Wessex Scene interviewed Grace Lampkin, who is running for VP education and Democracy.
Why have you decided to run for the role of VP Education & Democracy?
I have been at the university for four years and I have never really felt represented or listened to by SUSU. I am running for VP Education and Democracy because, now more than ever, students’ views need to be listened to and valued as the university develops its strategy for the upcoming academic year.
What experience do you have that would make you an excellent fit for the role?
I’ve been told by the university so many times, as a course rep in my first year and when discussing problems with the university’s approach to COVID-19 impacted-assessment, that ‘That’s the way that it is.’ From my four years studying at Southampton, participating in SUSU societies and trying to make changes that students deserve to see, I know the importance of a Students’ Union that actually listens to students, pushes for change at the university and can report tangible results.
What are the main problems you identify with the current role of VP Education & Democracy and how would you fix that?
The main challenge over the next year will be how the university and SUSU runs during the Covid-19 pandemic. The university’s approach to Semester 2 assessment was vastly different to other universities and marks are being released much later than other universities. In my experience, different modules’ approaches to online learning was a muddle of information strung across Microsoft Teams, Blackboard and eAssignments with no consistency. The end of projects and weighting of assignments was ill-managed and confusing. The university needs to listen to the opinions of students from all courses in all scenarios and I will work for an education experience that actually helps you learn, is flexible and is value for your money.
SUSU has faced a lot of criticism this year for the method and execution of their all-student-votes, with some students arguing that they are neither democratic nor a mandate for action. What is your opinion on this, and how will you tackle this issue in the role?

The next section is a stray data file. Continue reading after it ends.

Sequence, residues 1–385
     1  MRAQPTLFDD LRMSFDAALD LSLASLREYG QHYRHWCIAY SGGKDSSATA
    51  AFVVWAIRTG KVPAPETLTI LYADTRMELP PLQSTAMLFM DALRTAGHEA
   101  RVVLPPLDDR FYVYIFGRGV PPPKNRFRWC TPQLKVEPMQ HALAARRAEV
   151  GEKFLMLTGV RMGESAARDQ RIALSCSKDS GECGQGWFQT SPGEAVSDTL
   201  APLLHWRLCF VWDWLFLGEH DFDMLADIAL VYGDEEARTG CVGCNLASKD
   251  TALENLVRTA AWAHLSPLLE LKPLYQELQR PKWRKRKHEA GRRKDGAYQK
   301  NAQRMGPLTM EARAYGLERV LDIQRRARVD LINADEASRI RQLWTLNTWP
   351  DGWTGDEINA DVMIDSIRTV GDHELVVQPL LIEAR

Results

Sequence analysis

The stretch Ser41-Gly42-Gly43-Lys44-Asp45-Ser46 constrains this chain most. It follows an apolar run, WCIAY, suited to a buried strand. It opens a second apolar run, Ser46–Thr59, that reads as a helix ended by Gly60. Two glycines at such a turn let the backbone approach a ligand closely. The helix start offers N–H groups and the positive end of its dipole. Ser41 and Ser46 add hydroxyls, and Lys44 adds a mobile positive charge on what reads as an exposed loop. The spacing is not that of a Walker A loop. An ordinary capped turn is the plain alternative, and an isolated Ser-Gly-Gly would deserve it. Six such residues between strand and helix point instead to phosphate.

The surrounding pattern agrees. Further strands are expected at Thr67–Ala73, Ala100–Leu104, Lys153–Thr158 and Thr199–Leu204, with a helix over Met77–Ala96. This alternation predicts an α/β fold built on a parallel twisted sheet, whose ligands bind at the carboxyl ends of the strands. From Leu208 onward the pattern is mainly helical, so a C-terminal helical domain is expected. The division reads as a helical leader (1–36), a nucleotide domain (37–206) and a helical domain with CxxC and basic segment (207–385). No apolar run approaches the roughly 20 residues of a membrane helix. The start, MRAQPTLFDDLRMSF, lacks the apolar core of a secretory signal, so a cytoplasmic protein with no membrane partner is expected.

I think that SUSU’s use of the single transferable voting system is commendable and a more democratic than, say, a first past the post system. The main problem lies with lack of engagement of students and a low turnout. If some students feel that the all-student-votes are not democratic, then I think it would be important to listen to their point of view and find where the underlying problems are.
How will you improve the visibility of things like SUSU’s AGM/Making Change Summit, Union Senate and the You Make Change platform? Furthermore, what would you like to see students bring to these platforms?
These platforms should be such a powerful way of engaging with students and taking on board their ideas, but they are continually down-played. I first heard about the suggestion of a SUSU shop meal-deal literally 3 years ago – why has this not happened?
Student engagement in the SUSU elections has seen a huge decline this year, with many positions (including this one) remaining unfilled and the number of voters dropping from 4,323 to 2,145. Why do you think this has happened, and how do you propose to revive interest in student politics?
I believe that it is everybody’s responsibility to be engaged in SUSU’s elections. However, if students cannot see the impact that any sabbatical officer, academic rep or course rep makes, then how can we expect them to care? Enticing us to vote by offering donuts on the redbrick only goes so far. SUSU should be transparent and dedicate resources to both implementing students’ ideas and advertising and communicating that. If a student sees change being implemented throughout their time at university, then trust will be developed and they will be more likely to believe that they can speak truth to power and make a change within the Union.